If you have followed me for some time, you already know my dislike of contemporary writing fads and techniques and my belief that you can see its decline in quality just in the formal aspect of writing. Strange syntax, (too) deep POVs, -ing participles galore, unnecessary descriptions, showing where telling would be perfectly fine and, finally, no personal style and no distinctive narrator—just piles and piles of descriptions, one after the other, like a transcription of a video recording. And, sure, it’s fine and all to talk about these things in the abstract and using a few examples from time to time, but it’s better to have some solid evidence to back you up. So here it is.

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Door stoppers, or how you can probably cut off half of any sff novel.

Despite this blog’s interest in fantasy, there’s actually a lot of “beginners” books in this genre that I never read when I was a kid. The kind you either read young or you never will because as an adult they seem… kinda bad. I ignored almost all the D&D novels aside from a few Drizzt books, and I never touched a single Dragonlance book (more than a hundred already written as of today.) That changed yesterday when, in a whim, I began reading the first Dragonlance book. And, well… it was somewhat better than I had expected. Better than a lot of the stuff being written today, anyway.

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Reading the Hugos (2019) A Witch’s Guide to Escape: A Practical Compendium of Portal Fantasies

Of the six short story nominees, three have a witch as the main protagonist (or two, depending on how you define “main”) who is also pretty woke. Outside of these Hugo finalists, I don’t think I have read a story with a witch protagonist in years.

Another trend I have noticed these last years is what I call trivial or mundane fantasy. These are stories with characters that have reality-altering powers yet they don’t use them for anything moderately interesting or to help other people (or themselves) even when that’s the point of the story. In fact, most of these characters are surprisingly powerless and victimized through the entire story. Why? Well, there are many reason, but here are a few: these are fantasy stories only superficially, the fantastic elements being clearly tacked on; related to that, they are not proper stories either but allegories, where powers and fantastic elements stand for something else; and, finally, the ideological consensus of these stories demands victimized characters and it naturally frowns on superpowered characters or even assertive ones—hence why many of these stories are such downers and need a quota of woke characters/moments so they don’t feel absolutely nihilistic. You obviously can’t have an oppressed, let’s say, witch, which is a stand-in for women, if she can blow somebody’s head off with a word.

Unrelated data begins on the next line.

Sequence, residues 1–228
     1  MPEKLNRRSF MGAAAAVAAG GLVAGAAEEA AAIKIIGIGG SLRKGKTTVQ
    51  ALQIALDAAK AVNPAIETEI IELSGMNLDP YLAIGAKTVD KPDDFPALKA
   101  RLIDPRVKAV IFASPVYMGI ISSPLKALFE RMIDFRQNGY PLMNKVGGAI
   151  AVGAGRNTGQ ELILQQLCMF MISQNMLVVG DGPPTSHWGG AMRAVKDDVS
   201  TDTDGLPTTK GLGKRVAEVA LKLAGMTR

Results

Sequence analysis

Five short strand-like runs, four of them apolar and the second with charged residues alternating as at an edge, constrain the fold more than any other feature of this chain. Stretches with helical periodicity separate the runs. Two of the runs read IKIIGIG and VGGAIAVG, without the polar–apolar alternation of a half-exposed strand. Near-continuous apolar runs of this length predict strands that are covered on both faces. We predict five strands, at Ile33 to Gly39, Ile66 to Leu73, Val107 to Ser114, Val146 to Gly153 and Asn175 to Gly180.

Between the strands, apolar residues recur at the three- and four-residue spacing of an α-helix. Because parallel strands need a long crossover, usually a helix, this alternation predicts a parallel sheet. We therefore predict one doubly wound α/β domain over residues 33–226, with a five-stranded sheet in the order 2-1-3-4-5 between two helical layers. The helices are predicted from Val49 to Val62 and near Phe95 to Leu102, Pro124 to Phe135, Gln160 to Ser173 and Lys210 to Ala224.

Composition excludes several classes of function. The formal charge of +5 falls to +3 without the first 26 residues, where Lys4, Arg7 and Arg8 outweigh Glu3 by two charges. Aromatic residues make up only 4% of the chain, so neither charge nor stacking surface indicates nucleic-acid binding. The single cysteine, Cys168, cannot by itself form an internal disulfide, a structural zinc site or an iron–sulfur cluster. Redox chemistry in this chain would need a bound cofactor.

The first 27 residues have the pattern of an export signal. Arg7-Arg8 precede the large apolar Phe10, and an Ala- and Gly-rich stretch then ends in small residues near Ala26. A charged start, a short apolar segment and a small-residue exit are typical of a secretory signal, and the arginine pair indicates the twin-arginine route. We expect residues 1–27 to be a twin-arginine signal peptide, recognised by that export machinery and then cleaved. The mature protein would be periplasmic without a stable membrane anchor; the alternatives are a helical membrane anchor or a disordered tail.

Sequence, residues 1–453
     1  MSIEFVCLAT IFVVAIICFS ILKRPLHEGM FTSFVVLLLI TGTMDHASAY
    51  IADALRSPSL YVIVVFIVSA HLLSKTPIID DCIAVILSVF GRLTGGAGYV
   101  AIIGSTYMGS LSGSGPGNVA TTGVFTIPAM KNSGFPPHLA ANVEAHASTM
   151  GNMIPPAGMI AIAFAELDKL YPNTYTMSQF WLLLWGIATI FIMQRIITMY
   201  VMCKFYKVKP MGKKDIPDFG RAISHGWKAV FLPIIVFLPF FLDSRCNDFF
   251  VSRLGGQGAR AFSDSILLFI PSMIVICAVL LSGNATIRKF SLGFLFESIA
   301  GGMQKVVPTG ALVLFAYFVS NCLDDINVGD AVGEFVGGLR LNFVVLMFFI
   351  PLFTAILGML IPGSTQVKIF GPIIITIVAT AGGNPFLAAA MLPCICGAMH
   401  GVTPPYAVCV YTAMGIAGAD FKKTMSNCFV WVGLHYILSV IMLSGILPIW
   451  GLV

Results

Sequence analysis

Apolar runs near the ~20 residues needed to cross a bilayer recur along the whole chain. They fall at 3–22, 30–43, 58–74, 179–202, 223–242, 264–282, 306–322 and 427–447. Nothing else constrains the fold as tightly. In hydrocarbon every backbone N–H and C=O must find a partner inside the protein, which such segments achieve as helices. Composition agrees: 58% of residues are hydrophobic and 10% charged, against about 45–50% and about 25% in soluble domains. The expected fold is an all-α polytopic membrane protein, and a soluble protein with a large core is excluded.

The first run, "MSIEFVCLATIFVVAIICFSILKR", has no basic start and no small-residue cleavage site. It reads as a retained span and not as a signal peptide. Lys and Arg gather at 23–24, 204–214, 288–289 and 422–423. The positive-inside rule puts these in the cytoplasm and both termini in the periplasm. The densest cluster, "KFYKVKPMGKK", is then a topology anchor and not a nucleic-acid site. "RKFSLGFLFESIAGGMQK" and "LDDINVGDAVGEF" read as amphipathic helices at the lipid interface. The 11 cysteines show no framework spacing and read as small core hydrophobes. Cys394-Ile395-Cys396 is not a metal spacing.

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Reading the Hugos (2019) The Tale of the Three Beautiful Raptor Sisters, and the Prince Who Was Made of Meat

What’s with these long titles that tell most of the story, sometimes even the ending? I know it’s hard to come up with titles, but seriously, it’s as if I renamed Star Wars to “The Fantastical Adventures of the Moisture Farmer who Discovers Space Magic and Blows up the Death Star.”

Anyway, this short story, TTTBRSATPWWMOM from now on, by Brooke Bolander appeared in issue 26 of Uncanny, which was entirely dedicated to dinosaur stories. It’s a fantasy comedy piece and it has to be read and understood as such; I wouldn’t recommend reading it with a serious mindset.